That is why I am pleased that we now have a clear majority and that we can put into practice the right of the British people to govern themselves through a series of policies that are not limited by the European Union and the European Commission. I am referring to what has just been said by the Scottish nationalist benches, because in reality it is the United Kingdom, which concluded the Treaty in the first place and evaded its responsibility and sovereignty, but which is now reaffirming its status within the United Kingdom. It is about parliamentary sovereignty, and it is also about democracy, because this decision was taken by the British people with full knowledge of the electorate of the United Kingdom, not to be part of it. Three junior shadow ministers – Helen Hayes, Tonia Antoniazzi and Florence Eshalomi – resigned after abstaining on the bill. Bell Ribeiro-Addy, Labour MP for Streatham, voted against the deal. On Tuesday 12 March, Prime Minister Theresa May`s plan to leave the EU was again rejected by the British Parliament. The agreement also provides for a transitional period, which lasts until 31 December 2020 and can be extended once by mutual agreement. During the transition period, EU law will continue to apply to the UK (including participation in the European Economic Area, the Single Market and the Customs Union) and the UK will continue to contribute to the EU budget, but the UK will not be represented in EU decision-making bodies. The transition period will give businesses time to adjust to the new situation and give THE UK and EU governments time to negotiate a new EU-UK trade deal.   Almost all Conservative MPs accepted the deal, although former ministers Owen Paterson and John Redwood abstained. Paterson, a former northern Ireland minister, said he was „very torn” by the deal because the region was separate from the rest of the UK. The bill passed third reading by 330 votes to 231.
It is interesting to note that the Foreign Secretary, when summarising today`s debate, made no reference to the powerful speeches of my fellow Members about this desire to respect our rights and to the fact that in no way do we agree that the Scottish people and our country should be removed from the European Union against our will. Let us not deceive ourselves: this is exactly what is happening. Yesterday, the Scottish Parliament voted by an overwhelming majority not to give its consent. And so brexit. This was the main issue in Putney`s election: 74% of Wandsworth residents voted to stay – an even higher number than in Scotland. More than one in 10 voters in Putney come from other EU countries and is a very welcome member of our community. I believe that Brexit is an act of monumental self-harm. In Putney, I spoke to people who burst into tears at their doorstep, not only because they saw me, but also because they are more worried about their rights and status as EU citizens, no matter how many years they have been here. I`ve met NHS staff who are struggling to cope with work because so many other staff have left and returned to other EU countries, and people whose businesses have been damaged and even closed – and we haven`t even had Brexit yet. We know the risks. We know that Brexit will only take place many years from now, so my mandate to protest the damage it will cause is certainly not over. This bill will transpose the withdrawal agreement between the United Kingdom and the European Union into British law and ensure that the United Kingdom leaves the European Union with an agreement at the end of this month.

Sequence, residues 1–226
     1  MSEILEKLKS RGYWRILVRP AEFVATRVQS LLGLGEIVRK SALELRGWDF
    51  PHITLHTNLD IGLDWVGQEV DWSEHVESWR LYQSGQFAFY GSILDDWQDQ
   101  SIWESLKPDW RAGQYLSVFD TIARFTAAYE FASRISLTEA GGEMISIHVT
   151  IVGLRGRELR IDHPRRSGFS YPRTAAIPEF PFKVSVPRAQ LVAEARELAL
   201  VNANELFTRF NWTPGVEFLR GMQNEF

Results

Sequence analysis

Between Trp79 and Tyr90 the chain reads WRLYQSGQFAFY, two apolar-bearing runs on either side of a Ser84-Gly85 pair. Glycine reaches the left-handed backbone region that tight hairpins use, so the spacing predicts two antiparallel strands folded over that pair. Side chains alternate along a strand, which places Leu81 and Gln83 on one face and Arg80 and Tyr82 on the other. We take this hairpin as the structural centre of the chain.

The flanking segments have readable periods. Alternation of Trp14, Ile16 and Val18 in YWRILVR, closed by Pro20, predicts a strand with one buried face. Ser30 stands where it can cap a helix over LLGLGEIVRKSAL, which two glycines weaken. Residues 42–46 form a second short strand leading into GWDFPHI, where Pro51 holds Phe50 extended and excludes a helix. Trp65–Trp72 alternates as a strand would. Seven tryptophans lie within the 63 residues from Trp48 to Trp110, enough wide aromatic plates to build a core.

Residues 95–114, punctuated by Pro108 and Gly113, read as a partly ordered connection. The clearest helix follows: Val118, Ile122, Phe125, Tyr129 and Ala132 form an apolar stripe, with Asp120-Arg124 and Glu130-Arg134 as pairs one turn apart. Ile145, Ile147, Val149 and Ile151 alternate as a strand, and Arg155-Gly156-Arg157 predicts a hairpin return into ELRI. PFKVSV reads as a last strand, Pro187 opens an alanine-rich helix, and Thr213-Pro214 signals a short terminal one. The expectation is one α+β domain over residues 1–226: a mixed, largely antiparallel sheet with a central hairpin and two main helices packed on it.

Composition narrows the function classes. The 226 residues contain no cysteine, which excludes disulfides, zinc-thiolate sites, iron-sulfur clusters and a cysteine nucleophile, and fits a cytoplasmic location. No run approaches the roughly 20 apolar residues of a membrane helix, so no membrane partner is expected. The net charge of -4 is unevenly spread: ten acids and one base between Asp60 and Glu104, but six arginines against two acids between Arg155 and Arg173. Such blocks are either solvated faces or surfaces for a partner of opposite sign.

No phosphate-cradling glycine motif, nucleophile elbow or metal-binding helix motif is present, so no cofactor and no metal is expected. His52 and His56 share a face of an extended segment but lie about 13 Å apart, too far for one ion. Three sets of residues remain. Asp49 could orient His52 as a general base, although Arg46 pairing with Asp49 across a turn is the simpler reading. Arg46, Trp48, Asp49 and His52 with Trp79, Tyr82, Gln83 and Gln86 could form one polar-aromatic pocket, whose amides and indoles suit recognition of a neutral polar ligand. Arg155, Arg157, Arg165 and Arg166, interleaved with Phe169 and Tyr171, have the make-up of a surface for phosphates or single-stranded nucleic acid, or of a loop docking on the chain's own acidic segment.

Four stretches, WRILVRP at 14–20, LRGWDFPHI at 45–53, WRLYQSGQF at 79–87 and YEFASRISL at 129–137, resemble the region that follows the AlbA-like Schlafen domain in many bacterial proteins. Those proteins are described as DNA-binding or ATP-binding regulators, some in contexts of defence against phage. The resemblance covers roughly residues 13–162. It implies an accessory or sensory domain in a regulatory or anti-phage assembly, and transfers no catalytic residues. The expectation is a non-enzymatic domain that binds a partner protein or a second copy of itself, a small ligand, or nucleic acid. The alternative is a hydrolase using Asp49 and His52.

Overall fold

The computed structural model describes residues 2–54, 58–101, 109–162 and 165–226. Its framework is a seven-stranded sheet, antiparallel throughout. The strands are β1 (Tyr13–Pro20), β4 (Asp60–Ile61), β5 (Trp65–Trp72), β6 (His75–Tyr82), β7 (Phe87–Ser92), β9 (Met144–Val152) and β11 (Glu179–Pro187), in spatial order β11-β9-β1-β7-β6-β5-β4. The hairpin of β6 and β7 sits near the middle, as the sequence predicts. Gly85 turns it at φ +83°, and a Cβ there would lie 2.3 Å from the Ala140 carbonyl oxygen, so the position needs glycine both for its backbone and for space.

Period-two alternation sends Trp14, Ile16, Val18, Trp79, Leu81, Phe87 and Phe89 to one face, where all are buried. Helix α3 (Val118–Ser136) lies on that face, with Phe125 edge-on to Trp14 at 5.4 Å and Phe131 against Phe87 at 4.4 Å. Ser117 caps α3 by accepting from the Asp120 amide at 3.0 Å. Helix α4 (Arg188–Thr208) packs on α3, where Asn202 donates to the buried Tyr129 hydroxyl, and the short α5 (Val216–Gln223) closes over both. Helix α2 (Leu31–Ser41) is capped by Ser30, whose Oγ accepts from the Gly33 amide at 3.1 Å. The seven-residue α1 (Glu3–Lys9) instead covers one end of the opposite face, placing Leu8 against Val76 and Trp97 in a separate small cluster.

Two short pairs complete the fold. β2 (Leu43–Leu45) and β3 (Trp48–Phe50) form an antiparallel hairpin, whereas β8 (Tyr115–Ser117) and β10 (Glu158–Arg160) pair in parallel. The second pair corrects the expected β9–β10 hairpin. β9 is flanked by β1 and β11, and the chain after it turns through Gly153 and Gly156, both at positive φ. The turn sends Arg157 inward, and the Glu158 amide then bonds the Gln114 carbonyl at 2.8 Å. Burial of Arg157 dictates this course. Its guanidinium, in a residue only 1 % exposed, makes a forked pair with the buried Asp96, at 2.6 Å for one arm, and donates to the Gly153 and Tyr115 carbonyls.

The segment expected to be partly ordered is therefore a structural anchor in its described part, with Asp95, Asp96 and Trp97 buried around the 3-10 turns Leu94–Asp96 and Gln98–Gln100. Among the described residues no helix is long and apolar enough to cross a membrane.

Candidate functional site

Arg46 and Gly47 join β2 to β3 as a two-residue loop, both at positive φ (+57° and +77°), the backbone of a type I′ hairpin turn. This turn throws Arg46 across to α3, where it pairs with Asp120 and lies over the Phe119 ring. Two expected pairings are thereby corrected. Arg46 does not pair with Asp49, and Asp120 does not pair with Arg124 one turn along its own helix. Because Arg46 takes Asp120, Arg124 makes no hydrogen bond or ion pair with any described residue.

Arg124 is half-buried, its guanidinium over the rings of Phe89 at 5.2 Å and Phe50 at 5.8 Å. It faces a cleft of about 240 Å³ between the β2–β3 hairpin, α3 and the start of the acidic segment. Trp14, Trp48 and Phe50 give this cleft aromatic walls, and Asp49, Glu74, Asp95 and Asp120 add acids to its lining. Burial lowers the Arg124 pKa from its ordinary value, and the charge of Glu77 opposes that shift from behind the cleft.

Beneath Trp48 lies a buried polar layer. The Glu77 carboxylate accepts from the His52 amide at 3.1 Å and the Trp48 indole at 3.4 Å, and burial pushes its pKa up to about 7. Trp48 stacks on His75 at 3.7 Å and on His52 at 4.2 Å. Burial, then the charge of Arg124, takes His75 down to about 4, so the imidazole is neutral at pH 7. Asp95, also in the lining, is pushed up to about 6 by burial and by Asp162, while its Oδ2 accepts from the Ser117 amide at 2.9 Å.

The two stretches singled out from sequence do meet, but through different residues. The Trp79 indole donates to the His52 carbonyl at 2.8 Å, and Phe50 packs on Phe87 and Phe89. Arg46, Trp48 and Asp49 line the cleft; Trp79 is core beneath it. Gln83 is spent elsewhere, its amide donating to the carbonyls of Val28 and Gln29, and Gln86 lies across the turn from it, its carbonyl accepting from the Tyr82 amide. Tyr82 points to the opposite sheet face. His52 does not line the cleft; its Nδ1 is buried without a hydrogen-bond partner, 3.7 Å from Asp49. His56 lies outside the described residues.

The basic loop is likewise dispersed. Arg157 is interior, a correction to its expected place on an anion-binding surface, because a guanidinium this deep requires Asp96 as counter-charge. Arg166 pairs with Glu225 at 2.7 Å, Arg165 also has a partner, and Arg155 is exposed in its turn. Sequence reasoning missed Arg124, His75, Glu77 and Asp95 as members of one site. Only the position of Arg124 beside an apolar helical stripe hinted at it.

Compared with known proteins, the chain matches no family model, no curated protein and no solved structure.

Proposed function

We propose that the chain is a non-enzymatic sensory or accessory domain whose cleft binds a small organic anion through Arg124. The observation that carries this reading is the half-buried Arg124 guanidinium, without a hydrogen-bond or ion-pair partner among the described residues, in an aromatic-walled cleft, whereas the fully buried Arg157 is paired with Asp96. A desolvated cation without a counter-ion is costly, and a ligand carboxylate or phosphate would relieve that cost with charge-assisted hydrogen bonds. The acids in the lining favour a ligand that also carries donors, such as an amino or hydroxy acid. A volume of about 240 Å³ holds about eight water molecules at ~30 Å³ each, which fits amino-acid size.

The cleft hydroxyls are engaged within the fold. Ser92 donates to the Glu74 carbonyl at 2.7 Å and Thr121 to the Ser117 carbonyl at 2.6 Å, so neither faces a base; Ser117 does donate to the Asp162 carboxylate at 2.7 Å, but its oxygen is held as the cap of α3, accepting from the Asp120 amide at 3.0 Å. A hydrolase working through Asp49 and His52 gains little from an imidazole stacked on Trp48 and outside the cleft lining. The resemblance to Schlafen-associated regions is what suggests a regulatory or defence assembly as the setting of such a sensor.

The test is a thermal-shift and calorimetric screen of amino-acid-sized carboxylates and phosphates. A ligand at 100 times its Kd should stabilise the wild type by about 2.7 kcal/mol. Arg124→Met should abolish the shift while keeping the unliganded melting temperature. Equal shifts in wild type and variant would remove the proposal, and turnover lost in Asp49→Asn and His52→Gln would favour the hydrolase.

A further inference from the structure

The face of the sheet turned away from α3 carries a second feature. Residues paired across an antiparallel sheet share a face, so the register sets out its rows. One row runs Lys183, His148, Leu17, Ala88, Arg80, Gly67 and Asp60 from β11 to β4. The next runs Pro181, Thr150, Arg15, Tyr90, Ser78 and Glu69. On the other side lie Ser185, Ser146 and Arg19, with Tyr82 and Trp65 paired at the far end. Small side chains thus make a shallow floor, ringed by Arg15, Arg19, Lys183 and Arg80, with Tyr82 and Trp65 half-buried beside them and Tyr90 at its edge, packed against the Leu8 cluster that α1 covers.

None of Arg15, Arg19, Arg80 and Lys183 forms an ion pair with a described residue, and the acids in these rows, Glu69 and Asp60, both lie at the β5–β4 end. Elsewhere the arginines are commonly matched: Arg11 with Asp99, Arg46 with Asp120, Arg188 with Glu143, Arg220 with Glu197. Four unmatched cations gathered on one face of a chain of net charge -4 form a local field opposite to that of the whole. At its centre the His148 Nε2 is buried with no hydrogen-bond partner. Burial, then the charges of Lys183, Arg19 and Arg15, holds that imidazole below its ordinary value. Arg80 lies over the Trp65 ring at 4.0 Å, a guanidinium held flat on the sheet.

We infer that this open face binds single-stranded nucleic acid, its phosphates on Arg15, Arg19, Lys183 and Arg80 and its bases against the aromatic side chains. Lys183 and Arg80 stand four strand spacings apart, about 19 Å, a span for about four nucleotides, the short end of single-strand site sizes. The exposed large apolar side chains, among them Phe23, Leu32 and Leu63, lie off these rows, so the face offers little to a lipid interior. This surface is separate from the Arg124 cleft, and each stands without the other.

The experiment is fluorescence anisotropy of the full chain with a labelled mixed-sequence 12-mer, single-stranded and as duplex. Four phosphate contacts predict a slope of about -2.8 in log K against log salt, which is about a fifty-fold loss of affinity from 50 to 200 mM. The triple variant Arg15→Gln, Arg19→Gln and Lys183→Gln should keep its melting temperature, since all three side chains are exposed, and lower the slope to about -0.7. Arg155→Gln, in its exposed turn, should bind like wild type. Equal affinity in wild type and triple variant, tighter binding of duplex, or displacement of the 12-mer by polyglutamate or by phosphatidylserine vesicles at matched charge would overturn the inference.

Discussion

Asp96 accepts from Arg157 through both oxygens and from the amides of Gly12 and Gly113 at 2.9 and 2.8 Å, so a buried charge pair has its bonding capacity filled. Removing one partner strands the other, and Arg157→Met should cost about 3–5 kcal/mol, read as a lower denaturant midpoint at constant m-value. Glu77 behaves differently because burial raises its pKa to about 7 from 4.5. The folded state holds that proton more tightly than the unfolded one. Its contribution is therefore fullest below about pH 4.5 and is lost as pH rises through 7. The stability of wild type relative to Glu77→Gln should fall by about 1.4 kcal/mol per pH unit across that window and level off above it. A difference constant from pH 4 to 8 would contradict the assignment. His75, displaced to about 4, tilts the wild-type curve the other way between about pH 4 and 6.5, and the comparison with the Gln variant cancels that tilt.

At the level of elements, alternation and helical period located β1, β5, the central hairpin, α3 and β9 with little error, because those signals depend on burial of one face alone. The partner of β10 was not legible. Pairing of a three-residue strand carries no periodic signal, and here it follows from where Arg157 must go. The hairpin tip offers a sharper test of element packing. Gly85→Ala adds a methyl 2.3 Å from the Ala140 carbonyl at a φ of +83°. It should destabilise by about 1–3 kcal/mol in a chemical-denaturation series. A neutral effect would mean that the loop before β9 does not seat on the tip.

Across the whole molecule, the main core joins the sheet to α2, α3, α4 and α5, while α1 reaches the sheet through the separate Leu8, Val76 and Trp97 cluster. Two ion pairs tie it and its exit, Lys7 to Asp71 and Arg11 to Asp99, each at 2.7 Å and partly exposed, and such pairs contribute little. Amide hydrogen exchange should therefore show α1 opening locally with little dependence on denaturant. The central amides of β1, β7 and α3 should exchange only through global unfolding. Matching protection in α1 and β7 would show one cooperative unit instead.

We keep our promise to the British people. It was a pleasure for me to spend yesterday afternoon in committee throughout the House and I would like to pay tribute to Members from all over the House for the contributions they have made during the debates and for the constructive spirit, especially recently, in which everyone has participated. I have no doubt that today`s meeting will be of a similar caliber, and the Minister of Foreign Affairs is in his place, and I look forward to today. .